Finding Our Place
|Photo: Wilson Freeman, Drifting Focus Photography|
"Just a few bad apples."
Reenacting And Race
Presenting Race And Gender
So first, what is your goal? If you want to talk about it simply because "it needs to be talked about," there's a higher chance you'll get it wrong. Develop a clear goal--what you want your audience to get out of your presentation--before you work out the rest of the details. Three examples include: "women played a major role in the late-18th century army," "the White House--a symbol of a "free" nation--was built on the backs of slaves," or "the first black people in British North America arrived in chains, but were probably hired as indentured servants and eventually granted freedom by the Jamestown settlers."
After determining a goal, you should work out the details of your presentation--what you plan to explain to your audience. Within that though, you need to first consider two things: context and the history. When you first start your presentation, you should explain the role of race or gender in the society you're teaching about. It's often helpful to make connections to today. For example, if the society in the time period that you're representing supported the institution of slavery, mention that to your audience. Explain that although slavery was later abolished, issues around race are still prevalent. It's often also helpful if you explain here that while still prevalent, racism is abhorrent and none of the historical ideals of racism are accepted at your historical site. Similarly, gender can be contextualized by explaining that women did not have the same rights as men, and while we have made some strides in fixing this, it is still a patriarchal and sexist society. Pointing out that sexism is not tolerated here is a significant part of the context that you create. Establishing context is important as it sets the tone for your presentation while also teaching historical perspectives (i.e. "then" versus "now").
Once the context is explained, the history should naturally follow. This is usually the easy part for the living historian who has read-up on the topic. However, I do advise that if you plan to talk about race or gender, that the sources you draw from should be legitimate and unbiased and that you read many sources to get a wider perspective. As I wrote earlier, I recommend not just reading about historical race and gender, but also modern issues that relate to both. Knowing what to say and how to phrase things derives primarily from reading current publications on race and gender issues today.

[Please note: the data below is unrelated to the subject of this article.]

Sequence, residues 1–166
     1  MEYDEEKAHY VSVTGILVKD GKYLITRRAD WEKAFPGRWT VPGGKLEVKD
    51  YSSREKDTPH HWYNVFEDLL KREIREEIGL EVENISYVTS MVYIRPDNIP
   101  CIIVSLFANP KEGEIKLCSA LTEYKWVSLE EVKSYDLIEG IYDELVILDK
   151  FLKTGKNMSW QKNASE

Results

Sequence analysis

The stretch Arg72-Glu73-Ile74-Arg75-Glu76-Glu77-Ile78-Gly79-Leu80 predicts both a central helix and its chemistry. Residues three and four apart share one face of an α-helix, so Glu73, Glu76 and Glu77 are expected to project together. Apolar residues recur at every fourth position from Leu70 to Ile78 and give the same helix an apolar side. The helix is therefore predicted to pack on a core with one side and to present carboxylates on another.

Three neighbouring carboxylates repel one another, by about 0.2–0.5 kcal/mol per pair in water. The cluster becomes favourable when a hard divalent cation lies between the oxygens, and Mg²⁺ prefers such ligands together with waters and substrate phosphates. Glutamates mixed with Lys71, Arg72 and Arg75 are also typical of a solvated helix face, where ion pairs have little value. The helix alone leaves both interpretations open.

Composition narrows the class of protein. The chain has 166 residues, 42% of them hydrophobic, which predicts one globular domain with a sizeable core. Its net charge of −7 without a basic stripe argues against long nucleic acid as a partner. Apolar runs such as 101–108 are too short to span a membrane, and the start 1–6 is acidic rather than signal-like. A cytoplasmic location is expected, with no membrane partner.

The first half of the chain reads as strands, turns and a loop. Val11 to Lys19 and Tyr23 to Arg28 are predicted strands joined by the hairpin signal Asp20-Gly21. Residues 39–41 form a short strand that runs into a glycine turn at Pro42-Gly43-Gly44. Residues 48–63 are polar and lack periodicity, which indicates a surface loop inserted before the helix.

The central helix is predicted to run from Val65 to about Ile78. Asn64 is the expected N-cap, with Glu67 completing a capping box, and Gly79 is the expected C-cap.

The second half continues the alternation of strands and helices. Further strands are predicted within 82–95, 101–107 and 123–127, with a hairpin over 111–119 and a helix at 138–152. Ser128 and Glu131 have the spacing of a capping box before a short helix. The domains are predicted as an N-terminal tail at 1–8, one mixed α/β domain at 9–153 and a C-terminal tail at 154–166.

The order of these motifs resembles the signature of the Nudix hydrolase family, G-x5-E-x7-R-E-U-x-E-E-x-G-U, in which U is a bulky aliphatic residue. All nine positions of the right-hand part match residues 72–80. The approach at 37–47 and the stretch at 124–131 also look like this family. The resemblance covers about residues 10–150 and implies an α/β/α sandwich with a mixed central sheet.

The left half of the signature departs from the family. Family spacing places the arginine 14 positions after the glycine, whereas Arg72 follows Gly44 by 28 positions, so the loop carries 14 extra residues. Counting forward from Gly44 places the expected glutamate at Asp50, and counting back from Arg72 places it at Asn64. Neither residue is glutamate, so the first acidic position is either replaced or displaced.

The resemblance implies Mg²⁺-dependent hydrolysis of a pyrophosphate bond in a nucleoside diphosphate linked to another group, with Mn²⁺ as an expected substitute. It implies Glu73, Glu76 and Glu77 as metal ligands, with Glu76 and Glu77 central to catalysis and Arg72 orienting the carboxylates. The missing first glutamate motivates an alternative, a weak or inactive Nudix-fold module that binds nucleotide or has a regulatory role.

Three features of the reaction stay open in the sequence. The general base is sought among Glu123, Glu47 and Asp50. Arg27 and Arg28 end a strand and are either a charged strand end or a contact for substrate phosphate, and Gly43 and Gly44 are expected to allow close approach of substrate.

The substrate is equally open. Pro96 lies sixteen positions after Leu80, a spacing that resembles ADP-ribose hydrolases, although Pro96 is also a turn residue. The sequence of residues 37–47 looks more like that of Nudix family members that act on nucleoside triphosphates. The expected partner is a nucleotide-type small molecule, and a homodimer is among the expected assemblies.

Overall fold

The last planning step that I recommend is the "debrief." This is perhaps as crucial as establishing the context. This is the point after relating the history that you conclude your presentation, offer a "so what," and relate this back to today. This is when you remind your audience that everything you presented on happened X-number of years ago, but parts of that history still remain.
I recommend following this step-by-step planning process for any program or presentation, regardless of content. It basically follows the office presentation format of introduction, main points, and conclusion. When discussing sensitive issues though, each part needs to be meticulously planned so as to not offend the audience or relate inaccurate information, and because you represent living history. An audience that leaves an insensitive presentation will discredit not only your knowledge but the wider community of living historians (the example offered by Vice comes back to mind).
Walking The Fine Line
You Represent Living History
|Photo: Alexa Price|
- Never forget that you and everyone around you are 21st century people who deserve respect.
- Remember to approach modern sensitive issues with the awareness that they demand.
- Do your research, and not just of historical things, but modern issues such as race and gender that may spill over into living history.
- Experimental Archaeology: On Drying, Curing, and Aging Tobacco